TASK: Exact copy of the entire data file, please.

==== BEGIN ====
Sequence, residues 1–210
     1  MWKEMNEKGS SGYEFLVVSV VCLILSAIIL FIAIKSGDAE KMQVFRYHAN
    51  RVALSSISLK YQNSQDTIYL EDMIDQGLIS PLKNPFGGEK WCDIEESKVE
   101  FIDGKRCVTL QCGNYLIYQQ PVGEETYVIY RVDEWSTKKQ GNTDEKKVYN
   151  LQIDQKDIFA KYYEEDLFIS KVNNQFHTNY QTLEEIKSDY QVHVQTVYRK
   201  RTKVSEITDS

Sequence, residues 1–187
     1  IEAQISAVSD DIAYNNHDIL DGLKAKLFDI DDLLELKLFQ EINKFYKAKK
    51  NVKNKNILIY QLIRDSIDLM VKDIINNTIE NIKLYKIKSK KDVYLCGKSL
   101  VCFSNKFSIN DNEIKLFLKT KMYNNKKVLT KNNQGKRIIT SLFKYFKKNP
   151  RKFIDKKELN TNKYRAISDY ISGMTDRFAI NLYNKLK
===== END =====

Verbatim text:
Sequence, residues 1–210
     1  MWKEMNEKGS SGYEFLVVSV VCLILSAIIL FIAIKSGDAE KMQVFRYHAN
    51  RVALSSISLK YQNSQDTIYL EDMIDQGLIS PLKNPFGGEK WCDIEESKVE
   101  FIDGKRCVTL QCGNYLIYQQ PVGEETYVIY RVDEWSTKKQ GNTDEKKVYN
   151  LQIDQKDIFA KYYEEDLFIS KVNNQFHTNY QTLEEIKSDY QVHVQTVYRK
   201  RTKVSEITDS

Sequence, residues 1–187
     1  IEAQISAVSD DIAYNNHDIL DGLKAKLFDI DDLLELKLFQ EINKFYKAKK
    51  NVKNKNILIY QLIRDSIDLM VKDIINNTIE NIKLYKIKSK KDVYLCGKSL
   101  VCFSNKFSIN DNEIKLFLKT KMYNNKKVLT KNNQGKRIIT SLFKYFKKNP
   151  RKFIDKKELN TNKYRAISDY ISGMTDRFAI NLYNKLK